Quote:
Vitamin B12 272 (180-914)
Although it seems to be within the normal range, it's a bit low. You can probably fix that by supplements., e.g. a 1000 microgram dose per day.

(Disclaimer: I'm obviously neither a doctor nor a nutritionist so you shouldn't trust a word I'm saying.)
 

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Plant sources of special interest to vegetarians include dried fruits, especially prunes, raisins and apricots, legumes, especially lima beans, soy beans and kidney beans, almonds, Brazil nuts and vegetables such as broccoli, spinach, kale, collards, asparagus and dandelion greens. Since vitamin C promotes iron absorption from plant foods, drinking orange juice with a meal can be helpful.

Read more: http://www.livestrong.com/article/42...#ixzz1gqIFPPCc
 

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Discussion Starter · #6 ·
Indian Summer: Thanks for helping with the numbers. I assumed that the norms were in the parentheses, but since my numbers were within the range of some of them I didn't understand what the problem was.

Photojess: thanks for your food advice. the thing is, i DO eat a lot of veggies. i wonder if my coffee addiction has something to do with not being able to absorb nutrients. bad news for my mornings... though i suppose if i wasnt so fatigued i wouldnt drink so much coffee. vicious cycle maybe?

I think my biggest concern is supplements. im not sure i believe they actually work. ill start taking them anyway, thank you guys for the advice.

is anyone else out there anemic?
 

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I can understand how, philosophically, it would be comforting to be able to live on a veg*n diet without supplementing. Doing so is, in a way, like admitting that it is impossible to stay healthy naturally, i.e. we HAVE to eat meat. The fact that it is advantageous to take a B12 supplement does not necessarily suggest this, however. The need is primarily because of modern agricultural practices. B12 is synthesized in the intestines after the point at which it can be absorbed by most animals (there are a few exceptions, like cows). In a natural environment, it would end up in the soil through decomposition of animal matter and animal waste, where trace amounts would ultimately end up on wild fruits and veggies. The problem with modern non-supplemented diets, given this, is twofold. First, fruits and vegetables are not grown in such an environment. Second, any B12 that manages to end up on the surface of something is, for good reason, washed off. Produce is often fertilized using poop from disease ridden factory livestock and transported in filthy, inadequately cleaned trucks that may also be used to transport livestock, fertilizer, and who knows what else. Thus, even though eating unwashed produce might increase the chances of consuming B12 in a natural state, unless you grow it in your own back yard that's probably not a good idea.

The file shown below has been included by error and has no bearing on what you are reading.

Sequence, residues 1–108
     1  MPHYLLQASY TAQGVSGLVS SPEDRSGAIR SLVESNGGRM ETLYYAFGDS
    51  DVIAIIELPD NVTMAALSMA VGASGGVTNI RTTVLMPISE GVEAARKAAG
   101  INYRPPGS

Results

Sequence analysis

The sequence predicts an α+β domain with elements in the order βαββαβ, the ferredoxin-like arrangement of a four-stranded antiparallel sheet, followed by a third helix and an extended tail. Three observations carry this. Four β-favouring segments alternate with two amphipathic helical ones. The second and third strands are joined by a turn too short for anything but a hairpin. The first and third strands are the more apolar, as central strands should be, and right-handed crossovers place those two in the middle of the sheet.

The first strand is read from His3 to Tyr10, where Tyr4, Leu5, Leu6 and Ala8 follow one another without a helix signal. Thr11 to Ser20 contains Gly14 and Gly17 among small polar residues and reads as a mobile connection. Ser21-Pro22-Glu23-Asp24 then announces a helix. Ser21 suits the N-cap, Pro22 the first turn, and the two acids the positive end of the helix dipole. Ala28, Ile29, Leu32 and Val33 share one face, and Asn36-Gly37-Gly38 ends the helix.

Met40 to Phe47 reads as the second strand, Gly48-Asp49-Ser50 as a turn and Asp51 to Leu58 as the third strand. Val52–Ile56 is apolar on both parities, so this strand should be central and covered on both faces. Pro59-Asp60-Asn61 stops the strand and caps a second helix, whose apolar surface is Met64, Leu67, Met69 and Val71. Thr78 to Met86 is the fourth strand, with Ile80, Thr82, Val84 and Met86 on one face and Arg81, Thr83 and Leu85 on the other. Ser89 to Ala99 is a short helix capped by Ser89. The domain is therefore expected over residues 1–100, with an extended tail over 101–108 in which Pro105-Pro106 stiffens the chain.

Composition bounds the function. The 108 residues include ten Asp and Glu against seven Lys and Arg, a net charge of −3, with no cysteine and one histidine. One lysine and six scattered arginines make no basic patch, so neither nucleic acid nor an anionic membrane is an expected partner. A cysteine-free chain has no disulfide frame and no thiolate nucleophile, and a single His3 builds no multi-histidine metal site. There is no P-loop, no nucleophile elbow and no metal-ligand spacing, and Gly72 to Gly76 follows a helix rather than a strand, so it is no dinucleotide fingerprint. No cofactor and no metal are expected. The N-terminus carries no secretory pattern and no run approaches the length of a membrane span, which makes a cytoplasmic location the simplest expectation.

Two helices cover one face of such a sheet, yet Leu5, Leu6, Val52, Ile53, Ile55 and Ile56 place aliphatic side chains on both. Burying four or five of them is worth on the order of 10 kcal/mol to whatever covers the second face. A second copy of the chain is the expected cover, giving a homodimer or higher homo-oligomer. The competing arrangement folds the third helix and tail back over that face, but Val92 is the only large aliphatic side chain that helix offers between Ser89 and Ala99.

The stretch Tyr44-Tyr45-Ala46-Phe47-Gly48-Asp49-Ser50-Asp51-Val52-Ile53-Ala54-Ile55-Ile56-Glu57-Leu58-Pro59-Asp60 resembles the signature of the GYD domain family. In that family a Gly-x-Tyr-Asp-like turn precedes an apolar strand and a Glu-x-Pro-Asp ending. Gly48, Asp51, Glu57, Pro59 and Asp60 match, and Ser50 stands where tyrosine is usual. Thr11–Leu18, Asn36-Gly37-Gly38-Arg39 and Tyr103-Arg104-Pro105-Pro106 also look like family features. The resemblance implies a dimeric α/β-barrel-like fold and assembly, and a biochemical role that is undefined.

So don't feel that adding some vitamins is like admitting vegetarianism just wasn't meant to be. It's just something that is a good idea given the disadvantages of modern agriculture.
 

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I asked my doctor about my B12 levels, and he said that my iron levels were ok, so the B12 were probably ok too....Low levels of B12 can cause anaemia it seems.

Quote:
Why does vitamin B12 deficiency cause anaemia?

Red blood cells are made in the bone marrow and circulate in the blood. They only have a life expectancy of about four months.
The body needs iron, vitamin B12 and folic acid (one of the B group of vitamins) to produce more red blood cells. If there is a lack of one or more of these nutrients, anaemia will develop.
Anaemia due to a lack of vitamin B12 is also called pernicious anaemia.
http://www.netdoctor.co.uk/diseases/...anaemiab12.htm

I take VEG1(which contains a lot of B12) pills most days, as I eat next to nothing of egg or dairy ...just the odd bit of cake, and lactose in crisps.
 

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So it sounds like you believe that supplements will either a) help or; b) do nothing... so really, what's the harm? You know your levels are low now, so try supplementing for a few months, get retested, if it's better it helped, if it isn't, then maybe they don't work for you.